Saffron Walden Labour Party call for ‘urgent’ investigation into MP Kemi Badenoch’s hacking confession
PUBLISHED: 09:26 09 April 2018 | UPDATED: 15:40 23 April 2018
Conservative MP for Saffron Walden, Kemi Badenoch, has apologised after admitting she hacked a Labour MP’s website to “say nice things about the Tories”.
Mrs Badenoch made the confession in a video by Core Politics, which was obtained by the Mail on Sunday.
Asked what was the naughtiest she’d ever done, the 38-year-old replied: “About 10 years ago I hacked into a Labour MP’s website and I changed all the stuff in there to say nice things about Tories.
“This was a foolish prank over a decade ago, for which I apologise.”
Tom van de Bilt, secretary of Saffron Walden Labour Party, said the matter should be “urgently investigated”.
He said: “What Ms Badenoch has described doing is a shocking breach of the Computer Misuse Act: a criminal offence punishable by custodial sentence.
“Saffron Walden Labour Party call on Kemi to give a full account of who her victim was, when this happened and whether the incident was previously reported to the police.
“The Cambridge Analytica revelations show how vital it is that political campaigns stay within the law. Tory attempts to make light of this as not ‘proper hacking’ because it relied on guessing a password miss the point.
“The seriousness of the offence comes from the effect on the victim and on the reputation of our democracy, not the skill level of the offender.
“Given the current climate of concern around cybercrime, and especially in relation to electoral campaigning, Saffron Walden Labour Party further ask that local Conservatives condemn the hacking of opponents’ websites and urge Conservatives in parliament to withdraw the whip while the matter is urgently investigated.”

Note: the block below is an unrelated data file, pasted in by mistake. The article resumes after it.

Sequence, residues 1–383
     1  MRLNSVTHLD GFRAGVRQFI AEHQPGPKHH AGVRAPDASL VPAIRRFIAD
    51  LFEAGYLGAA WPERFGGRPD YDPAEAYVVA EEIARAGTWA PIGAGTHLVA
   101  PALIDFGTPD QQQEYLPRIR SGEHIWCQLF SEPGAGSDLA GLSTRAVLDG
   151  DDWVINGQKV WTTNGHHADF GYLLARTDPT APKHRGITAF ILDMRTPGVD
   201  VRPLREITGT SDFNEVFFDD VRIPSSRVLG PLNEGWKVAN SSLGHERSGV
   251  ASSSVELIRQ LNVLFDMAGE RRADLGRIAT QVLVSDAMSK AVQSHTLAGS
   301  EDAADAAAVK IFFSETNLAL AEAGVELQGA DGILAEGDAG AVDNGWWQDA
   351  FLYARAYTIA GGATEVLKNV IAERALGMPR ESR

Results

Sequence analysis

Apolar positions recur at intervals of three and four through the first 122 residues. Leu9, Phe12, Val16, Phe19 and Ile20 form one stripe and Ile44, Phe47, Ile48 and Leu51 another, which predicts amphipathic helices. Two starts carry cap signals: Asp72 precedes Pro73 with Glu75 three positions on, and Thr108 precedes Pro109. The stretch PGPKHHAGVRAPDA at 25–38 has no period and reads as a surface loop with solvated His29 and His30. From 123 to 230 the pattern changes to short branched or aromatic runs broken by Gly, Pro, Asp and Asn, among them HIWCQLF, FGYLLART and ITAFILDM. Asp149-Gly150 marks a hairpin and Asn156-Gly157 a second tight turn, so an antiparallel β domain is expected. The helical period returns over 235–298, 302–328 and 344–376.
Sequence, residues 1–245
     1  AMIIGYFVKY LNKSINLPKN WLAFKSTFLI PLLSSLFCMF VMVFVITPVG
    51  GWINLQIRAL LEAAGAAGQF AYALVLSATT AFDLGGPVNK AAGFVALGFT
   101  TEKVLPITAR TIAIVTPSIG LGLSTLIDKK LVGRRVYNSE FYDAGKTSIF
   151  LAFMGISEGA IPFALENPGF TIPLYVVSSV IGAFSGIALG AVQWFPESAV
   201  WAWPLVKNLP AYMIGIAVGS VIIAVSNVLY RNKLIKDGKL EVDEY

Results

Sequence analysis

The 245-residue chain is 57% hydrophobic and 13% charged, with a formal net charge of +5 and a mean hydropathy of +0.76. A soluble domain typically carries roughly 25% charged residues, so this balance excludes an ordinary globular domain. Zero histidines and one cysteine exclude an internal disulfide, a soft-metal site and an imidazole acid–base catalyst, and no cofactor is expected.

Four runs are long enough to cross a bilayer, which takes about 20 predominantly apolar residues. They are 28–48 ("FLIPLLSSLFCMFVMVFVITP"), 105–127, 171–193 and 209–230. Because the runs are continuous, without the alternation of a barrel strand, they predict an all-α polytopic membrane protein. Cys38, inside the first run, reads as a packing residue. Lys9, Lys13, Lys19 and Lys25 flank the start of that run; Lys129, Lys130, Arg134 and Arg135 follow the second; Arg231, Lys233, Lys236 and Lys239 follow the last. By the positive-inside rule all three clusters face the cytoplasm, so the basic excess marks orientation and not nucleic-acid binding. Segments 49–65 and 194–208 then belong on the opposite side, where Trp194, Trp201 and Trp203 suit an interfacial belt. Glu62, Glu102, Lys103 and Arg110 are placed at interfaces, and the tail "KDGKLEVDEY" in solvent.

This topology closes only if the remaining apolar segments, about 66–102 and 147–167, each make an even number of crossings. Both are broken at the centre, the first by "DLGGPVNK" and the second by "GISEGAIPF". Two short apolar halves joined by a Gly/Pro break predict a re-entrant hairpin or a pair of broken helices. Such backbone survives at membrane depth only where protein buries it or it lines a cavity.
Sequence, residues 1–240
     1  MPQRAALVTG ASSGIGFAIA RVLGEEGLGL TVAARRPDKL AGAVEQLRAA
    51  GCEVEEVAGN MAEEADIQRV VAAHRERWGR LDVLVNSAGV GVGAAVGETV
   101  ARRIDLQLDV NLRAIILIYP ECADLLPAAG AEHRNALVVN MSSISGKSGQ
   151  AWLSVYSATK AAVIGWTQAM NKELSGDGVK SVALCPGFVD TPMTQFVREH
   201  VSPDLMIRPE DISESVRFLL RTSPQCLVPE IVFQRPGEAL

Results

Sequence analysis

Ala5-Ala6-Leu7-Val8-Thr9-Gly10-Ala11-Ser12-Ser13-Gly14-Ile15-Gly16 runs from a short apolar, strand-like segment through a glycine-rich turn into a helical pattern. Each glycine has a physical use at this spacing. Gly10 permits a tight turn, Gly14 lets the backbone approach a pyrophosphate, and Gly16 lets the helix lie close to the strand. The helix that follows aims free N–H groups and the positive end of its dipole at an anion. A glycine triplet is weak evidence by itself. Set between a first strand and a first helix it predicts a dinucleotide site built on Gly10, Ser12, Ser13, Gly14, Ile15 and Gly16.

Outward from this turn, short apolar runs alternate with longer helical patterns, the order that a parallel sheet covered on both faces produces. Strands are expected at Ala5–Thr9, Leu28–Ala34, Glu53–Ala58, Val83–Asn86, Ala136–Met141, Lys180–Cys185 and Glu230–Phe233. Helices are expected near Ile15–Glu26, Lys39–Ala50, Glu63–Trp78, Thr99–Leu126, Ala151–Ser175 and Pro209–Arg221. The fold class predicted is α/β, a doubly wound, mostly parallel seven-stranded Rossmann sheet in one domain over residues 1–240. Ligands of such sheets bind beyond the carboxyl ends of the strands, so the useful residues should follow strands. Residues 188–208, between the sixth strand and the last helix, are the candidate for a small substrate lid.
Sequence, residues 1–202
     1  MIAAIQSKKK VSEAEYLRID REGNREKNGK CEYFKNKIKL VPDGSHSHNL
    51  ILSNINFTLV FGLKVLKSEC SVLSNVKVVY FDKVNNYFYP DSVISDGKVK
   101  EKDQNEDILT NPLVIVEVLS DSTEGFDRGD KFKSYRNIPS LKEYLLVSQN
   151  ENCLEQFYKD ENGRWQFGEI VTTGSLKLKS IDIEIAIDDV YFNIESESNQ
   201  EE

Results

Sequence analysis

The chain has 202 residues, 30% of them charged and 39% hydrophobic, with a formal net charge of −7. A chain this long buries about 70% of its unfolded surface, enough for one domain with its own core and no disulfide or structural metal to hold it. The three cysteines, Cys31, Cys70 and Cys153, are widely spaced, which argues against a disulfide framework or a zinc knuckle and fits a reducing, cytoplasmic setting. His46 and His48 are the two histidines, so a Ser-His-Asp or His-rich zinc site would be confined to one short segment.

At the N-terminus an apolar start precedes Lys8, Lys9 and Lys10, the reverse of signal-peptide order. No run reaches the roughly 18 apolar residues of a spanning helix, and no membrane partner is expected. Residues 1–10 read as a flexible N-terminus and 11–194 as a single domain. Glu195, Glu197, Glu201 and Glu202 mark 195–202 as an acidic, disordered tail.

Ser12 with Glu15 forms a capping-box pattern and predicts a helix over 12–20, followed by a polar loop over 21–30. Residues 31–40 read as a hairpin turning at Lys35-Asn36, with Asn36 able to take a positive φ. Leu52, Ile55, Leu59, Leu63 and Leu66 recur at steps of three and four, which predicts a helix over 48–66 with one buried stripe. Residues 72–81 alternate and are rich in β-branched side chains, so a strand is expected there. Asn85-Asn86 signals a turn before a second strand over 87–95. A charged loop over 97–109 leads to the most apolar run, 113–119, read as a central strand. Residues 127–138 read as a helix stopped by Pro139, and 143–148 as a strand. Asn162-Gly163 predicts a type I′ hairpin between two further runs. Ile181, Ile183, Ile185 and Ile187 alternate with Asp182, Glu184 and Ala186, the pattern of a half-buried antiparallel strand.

Mrs Badenoch did not name the MP, but Labour MP Harriet Harman later tweeted to say she had received an apology from Mrs Badenoch and accepted it.
It was reported in 2008 that Ms Harman’s personal website was hacked and a post apparently announcing her resignation was published.
Tom van de Bilt added: “In accepting an apology Harriet Harman has been gracious in the extreme and I accept her prerogative as the victim if she wishes a line to be draw under the matter.
“However, for Kemi’s constituents this apology will do little to alleviate concerns about her personal judgement a mere two years before first standing for parliament herself; nor does the flippant manner in which she disclosed it give much confidence in her commitment to tackling cybercrime today.
“Failure to discipline Kemi Badenoch, both within the law and through Conservative party procedures, is a green light to illegally disrupt the work of opposition parties in a democracy. It would also show the Conservatives’ ‘respect agenda’ to be empty rhetoric.”
John Lodge, chair of local party Residents for Uttlesford, added: “Why is it always one rule for Westminster politicians and another for everyone else? Kemi Badenoch has a law degree, so when she hacked Harriet Harman’s account she clearly knew that she was not committing a ‘foolish prank’ as she calls it, but a serious criminal offence.
“The former News Of The World Editor Andy Coulson was jailed for 18 months for hacking private accounts. Why isn’t the Crown Prosecution Service stepping in here too?
“This drawing-a-line-under-it-after-issuing-an-apology nonsense just smacks of some secret deal being done behind the scenes between the Tories and Labour - maybe as part of Harriet Harman’s bid to become Speaker of the House.
“This type of behaviour is exactly why voters have been abandoning the traditional Westminster dinosaurs for newer, smaller parties, such as Residents for Uttlesford, who concentrate on local issues, and so benefit residents, rather than playing political power games.”
Mrs Badenoch said: “This was a silly prank that happened ten years before I became an MP. I guessed the password to Ms Harman’s website and logged in.
“I have apologised directly to Ms Harman who very graciously accepted it.”
Under the Computer Misuse Act 1990, unauthorised access to computer material can result in two years’ imprisonment and/or a fine.
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